Center of mass is usually defined as a geometrical point. If some parts are removed from one side of the body, its center of mass has to move. It appears that here the concept of center of mass is not that useful as for constant mass motion.
In the case of mass variable systems, the geometric c.o.m does not always correspond (as time passes) to the same unique material point. The geometric c.o.m gains an extra velocity term due to the asymmetry in the way that new matter is lost (or gained). The material c.o.m (that is the point of matter that lies at the spatial coordinates defined by the geometric c.o.m) isnt aware of this asymmetry, its velocity is only due to F_ext+F_exh.

If we have constant mass or there is symmetry (like saying the stick is burning the exact same way from both edges) then the geometric c.o.m corresponds to a unique material point and its velocity equals the velocity of the material c.o.m.
Jano L.
#30
Jul26-14, 11:05 PM
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P: 1,168
Quote Quote by DeltaČ View Post
In the case of mass variable systems, the geometric c.o.m does not always correspond (as time passes) to the same unique material point.
Yes, but this may happen already for systems which do not lose parts. Center of mass is a geometrical point. It does not matter which material point it coincides with. For some systems like a wedding ring the center of mass does not coincide with a material point at all.

If we have constant mass or there is symmetry (like saying the stick is burning the exact same way from both edges) then the geometric c.o.m corresponds to a unique material point and its velocity equals the velocity of the material c.o.m.
For given set of particles, there is only one commonly used concept of center of mass - average of constituents positions weighted by their mass:
$$
\mathbf r_{COM} = \frac{\sum m_k \mathbf r_k}{\sum_k m_k}.
$$
It is just an abstract point. There is no "material center of mass".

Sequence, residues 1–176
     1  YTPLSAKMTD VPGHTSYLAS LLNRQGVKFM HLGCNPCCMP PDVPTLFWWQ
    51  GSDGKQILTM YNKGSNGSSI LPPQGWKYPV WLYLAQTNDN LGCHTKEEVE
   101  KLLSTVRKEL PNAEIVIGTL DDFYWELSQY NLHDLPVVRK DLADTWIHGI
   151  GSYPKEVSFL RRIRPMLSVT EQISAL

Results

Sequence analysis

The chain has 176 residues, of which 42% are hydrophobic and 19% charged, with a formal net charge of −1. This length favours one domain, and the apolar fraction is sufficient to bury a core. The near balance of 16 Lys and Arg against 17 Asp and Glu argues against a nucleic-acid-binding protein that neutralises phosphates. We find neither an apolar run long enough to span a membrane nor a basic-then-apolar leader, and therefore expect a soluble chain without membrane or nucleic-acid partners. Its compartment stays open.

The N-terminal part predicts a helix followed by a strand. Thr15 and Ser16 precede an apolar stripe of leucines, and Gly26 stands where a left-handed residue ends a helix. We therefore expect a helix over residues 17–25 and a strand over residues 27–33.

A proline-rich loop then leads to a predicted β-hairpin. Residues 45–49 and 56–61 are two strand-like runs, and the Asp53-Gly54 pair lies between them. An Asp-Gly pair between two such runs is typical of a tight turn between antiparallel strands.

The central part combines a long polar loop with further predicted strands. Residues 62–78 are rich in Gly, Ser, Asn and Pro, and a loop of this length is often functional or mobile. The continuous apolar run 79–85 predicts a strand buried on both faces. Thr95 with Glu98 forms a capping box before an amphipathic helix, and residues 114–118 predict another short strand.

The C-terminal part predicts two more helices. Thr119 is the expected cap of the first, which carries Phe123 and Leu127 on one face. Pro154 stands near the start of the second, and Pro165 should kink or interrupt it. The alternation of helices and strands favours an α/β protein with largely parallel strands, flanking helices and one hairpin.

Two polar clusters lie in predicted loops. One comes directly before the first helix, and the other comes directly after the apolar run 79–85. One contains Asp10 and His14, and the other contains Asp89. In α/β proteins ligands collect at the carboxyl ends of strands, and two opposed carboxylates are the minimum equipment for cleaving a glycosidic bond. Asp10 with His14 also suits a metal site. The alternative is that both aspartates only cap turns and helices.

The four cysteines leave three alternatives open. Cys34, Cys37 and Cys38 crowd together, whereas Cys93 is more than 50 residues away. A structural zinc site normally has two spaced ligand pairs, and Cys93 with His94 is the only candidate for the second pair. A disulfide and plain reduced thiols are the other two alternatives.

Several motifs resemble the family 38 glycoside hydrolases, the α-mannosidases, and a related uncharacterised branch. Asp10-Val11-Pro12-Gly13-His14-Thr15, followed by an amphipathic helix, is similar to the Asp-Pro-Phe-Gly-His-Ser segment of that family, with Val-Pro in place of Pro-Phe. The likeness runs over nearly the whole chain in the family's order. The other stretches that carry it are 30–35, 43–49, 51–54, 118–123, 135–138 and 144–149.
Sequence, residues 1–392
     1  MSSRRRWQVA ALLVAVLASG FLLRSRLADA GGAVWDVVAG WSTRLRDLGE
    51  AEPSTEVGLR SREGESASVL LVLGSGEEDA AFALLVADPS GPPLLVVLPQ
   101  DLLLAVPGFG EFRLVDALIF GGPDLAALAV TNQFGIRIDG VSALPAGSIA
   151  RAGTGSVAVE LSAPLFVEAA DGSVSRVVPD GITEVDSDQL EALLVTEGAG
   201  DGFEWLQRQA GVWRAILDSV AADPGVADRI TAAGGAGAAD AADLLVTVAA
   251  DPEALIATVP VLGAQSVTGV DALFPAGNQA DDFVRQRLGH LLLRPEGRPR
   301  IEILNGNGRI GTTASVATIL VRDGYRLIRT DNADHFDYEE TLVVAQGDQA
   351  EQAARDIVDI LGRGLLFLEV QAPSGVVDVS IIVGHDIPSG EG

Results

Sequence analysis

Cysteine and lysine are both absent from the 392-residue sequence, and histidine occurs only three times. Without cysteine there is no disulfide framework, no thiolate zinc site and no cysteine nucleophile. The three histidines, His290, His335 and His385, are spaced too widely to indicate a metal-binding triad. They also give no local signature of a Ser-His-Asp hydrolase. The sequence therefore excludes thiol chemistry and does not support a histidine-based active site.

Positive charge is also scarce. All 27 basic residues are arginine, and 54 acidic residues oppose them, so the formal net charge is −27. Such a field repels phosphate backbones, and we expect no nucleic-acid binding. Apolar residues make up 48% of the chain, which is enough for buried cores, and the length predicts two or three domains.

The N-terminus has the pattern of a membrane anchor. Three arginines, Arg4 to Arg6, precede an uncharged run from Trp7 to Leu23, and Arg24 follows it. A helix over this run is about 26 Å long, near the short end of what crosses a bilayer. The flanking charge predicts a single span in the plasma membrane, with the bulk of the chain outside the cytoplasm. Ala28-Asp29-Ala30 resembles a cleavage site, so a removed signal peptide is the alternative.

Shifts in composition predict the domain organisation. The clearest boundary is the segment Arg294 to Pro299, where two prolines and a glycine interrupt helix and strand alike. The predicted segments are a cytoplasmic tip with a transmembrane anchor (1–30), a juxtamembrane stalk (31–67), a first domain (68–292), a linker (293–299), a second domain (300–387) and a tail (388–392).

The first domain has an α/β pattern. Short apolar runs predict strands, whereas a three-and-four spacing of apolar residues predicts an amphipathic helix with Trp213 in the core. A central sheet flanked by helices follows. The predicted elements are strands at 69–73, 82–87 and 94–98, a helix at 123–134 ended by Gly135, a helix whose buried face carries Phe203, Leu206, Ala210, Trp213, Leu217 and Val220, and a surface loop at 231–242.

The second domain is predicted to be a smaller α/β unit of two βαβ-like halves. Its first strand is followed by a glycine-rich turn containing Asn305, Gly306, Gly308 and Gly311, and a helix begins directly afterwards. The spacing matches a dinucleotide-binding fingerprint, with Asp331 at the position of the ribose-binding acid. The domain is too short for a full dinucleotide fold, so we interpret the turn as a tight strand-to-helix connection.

DeltaČ
#31
Jul27-14, 11:28 PM
P: 450
Quote Quote by Jano L. View Post
It is just an abstract point. There is no "material center of mass".
And how do you refer to the point of matter that lies in the spatial coordinates of the geometric c.o.m? (there might be the case that there is no matter there but the usual case is that there is).

I ve to say, though i cannot prove it, my intuition tells me that the velocity of the material c.o.m (in the usual case it exists) and the geometric c.o.m is the same in all cases except in the case there is asymmetry in the way that mass is gained or lost.
Jano L.
#32
Jul28-14, 12:49 AM
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P: 1,168
Quote Quote by DeltaČ View Post
And how do you refer to the point of matter that lies in the spatial coordinates of the geometric c.o.m? (there might be the case that there is no matter there but the usual case is that there is).
I do not know any special name for it. The material point is not important.

I ve to say, though i cannot prove it, my intuition tells me that the velocity of the material c.o.m (in the usual case it exists) and the geometric c.o.m is the same in all cases except in the case there is asymmetry in the way that mass is gained or lost.
That is true for rigid bodies. If the parts move with respect to each other, the center of mass of the body may move as well and is not attached to any particular mass point.